(3) An absentee voting package will be mailed to producers by the FSA CED to the address provided by the prospective voter. Only one absentee registration form and absentee ballot will be provided to each eligible producer. The absentee ballots and registration forms may be requested during August 1, 2000, through September 18, 2000.

(4) The county FSA office will enter on the Absentee Voter Request List (Form LS-74) the name and address of the individual or corporation or other entity requesting an absentee ballot and the date the forms were requested.

(5) To register, eligible producers shall complete and sign the combined registration and certification form and absentee ballot (Form LS-73) and certify that:

(i) They or the corporation or other entity they represent were producers during the specified representative period;

(ii) If voting on behalf of a corporation or other entity referred to in § 1230.612, they are authorized to do so.

(6) A producer, after completing the absentee voter registration form and marking the ballot, shall remove the ballot portion of the combined registration and absentee ballot form (Form LS-73) and seal the completed ballot in a separate envelope marked “Pork Ballot” (Form LS-72-1) and place the sealed “Pork Ballot” envelope in the mailing envelope marked “Pork Referendum” (Form LS-73-1) along with the signed registration form. Producers are required to print their name and address on the mailing envelope marked “Pork Referendum” (Form LS-73-1), and mail or hand deliver it to the county FSA office from which the producer or corporation or other entity obtained the absentee voting package. Absentee ballots returned in-person must be received by close of business on the last day of the in-person voting period, which is September 21, 2000. Ballots received after that date will be counted as invalid ballots.

(7) Absentee ballots returned by mail have to be postmarked with a date not later than the last day of the in-person voting period, which is September 21, 2000, and be received in the county FSA office by the close of business on the 5th business day after the last day of the in-person voting period, which is September 28, 2000. Absentee ballots received after that date will be counted as invalid ballots. Upon receiving the “Pork Referendum” envelope (Form LS-73-1) containing the registration form and ballot, the county FSA CED will record the date the “Pork Referendum” envelope (Form LS-73-1) containing the absentee ballot was received in the FSA county office on the Absentee Voter Request List (Form LS-74) opposite the name of the producer voting absentee. The county FSA CED will place it, unopened, in a secure ballot box.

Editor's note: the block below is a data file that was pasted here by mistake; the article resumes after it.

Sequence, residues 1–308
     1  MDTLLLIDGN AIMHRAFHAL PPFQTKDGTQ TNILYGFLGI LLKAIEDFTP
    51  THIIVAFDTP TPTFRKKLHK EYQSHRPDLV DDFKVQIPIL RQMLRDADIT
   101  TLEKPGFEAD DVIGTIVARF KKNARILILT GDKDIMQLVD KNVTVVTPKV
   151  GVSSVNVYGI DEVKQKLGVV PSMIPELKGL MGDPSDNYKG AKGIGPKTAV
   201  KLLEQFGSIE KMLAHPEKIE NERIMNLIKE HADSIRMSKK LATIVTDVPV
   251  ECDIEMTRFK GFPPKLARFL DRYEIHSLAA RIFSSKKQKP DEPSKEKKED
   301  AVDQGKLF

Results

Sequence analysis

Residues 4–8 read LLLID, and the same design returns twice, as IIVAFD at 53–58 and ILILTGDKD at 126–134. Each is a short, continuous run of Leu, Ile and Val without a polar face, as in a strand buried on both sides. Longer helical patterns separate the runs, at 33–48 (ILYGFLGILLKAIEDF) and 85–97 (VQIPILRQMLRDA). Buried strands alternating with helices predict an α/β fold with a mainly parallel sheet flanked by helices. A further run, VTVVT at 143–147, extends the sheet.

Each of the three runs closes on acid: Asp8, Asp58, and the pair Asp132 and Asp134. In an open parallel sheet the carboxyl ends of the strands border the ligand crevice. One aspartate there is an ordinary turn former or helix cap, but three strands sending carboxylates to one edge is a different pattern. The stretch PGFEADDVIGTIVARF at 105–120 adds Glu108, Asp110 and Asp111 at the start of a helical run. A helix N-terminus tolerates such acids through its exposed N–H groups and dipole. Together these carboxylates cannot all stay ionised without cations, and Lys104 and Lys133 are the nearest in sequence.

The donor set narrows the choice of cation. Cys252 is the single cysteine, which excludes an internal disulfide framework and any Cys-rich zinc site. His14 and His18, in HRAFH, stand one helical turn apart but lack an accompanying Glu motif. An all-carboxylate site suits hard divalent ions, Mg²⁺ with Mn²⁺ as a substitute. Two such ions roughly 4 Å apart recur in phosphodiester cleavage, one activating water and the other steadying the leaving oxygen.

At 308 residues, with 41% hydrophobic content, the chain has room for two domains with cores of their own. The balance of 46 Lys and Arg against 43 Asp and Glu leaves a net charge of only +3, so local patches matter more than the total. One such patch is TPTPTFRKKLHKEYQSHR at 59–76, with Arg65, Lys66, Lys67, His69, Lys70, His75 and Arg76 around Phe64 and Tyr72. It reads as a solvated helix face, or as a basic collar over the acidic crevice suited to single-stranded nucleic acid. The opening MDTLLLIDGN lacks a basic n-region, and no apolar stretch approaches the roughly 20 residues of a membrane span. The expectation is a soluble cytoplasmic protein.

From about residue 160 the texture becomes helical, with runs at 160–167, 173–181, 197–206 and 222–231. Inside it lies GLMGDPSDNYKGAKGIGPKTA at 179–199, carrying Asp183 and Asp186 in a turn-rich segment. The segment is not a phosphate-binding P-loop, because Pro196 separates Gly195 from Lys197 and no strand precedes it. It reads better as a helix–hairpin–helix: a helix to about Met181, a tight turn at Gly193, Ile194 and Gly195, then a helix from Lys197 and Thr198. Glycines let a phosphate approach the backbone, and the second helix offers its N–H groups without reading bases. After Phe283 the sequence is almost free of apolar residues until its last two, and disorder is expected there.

Registration and voting procedures for importers.

(a) Individual importers, corporations, or other entities can obtain the registration and certification forms, ballots, and envelopes by mail from the following address: USDA, FSA, Operations Review and Analysis Staff, Attention: William A. Brown, P.O. Box 44366, Washington, DC 20026-4366. Importers may pick up the voting materials in-person at USDA, FSA, Operations Review and Analysis Staff, Room 2741, South Agriculture Building, 1400 Independence Avenue, SW., Washington, DC. Importers may also request voting materials by facsimile or telephone. The facsimile number is 202/690-3354. The telephone number is 202/720-6833.

(b) When requesting a ballot, eligible importers will be required to submit a Start Printed Page 43511U.S. Customs Service Form 7501 showing that they paid the pork assessment during the representative period.

(c) Upon receipt of a request and U.S. Customs Service Form 7501, the voting materials will be mailed to importers by the FSA headquarters office in Washington, DC, to the address provided by the importer or importer corporation or other entity. Only one mail ballot and registration form will be provided to each eligible importer. The forms must be requested during August 1, 2000, through September 21, 2000.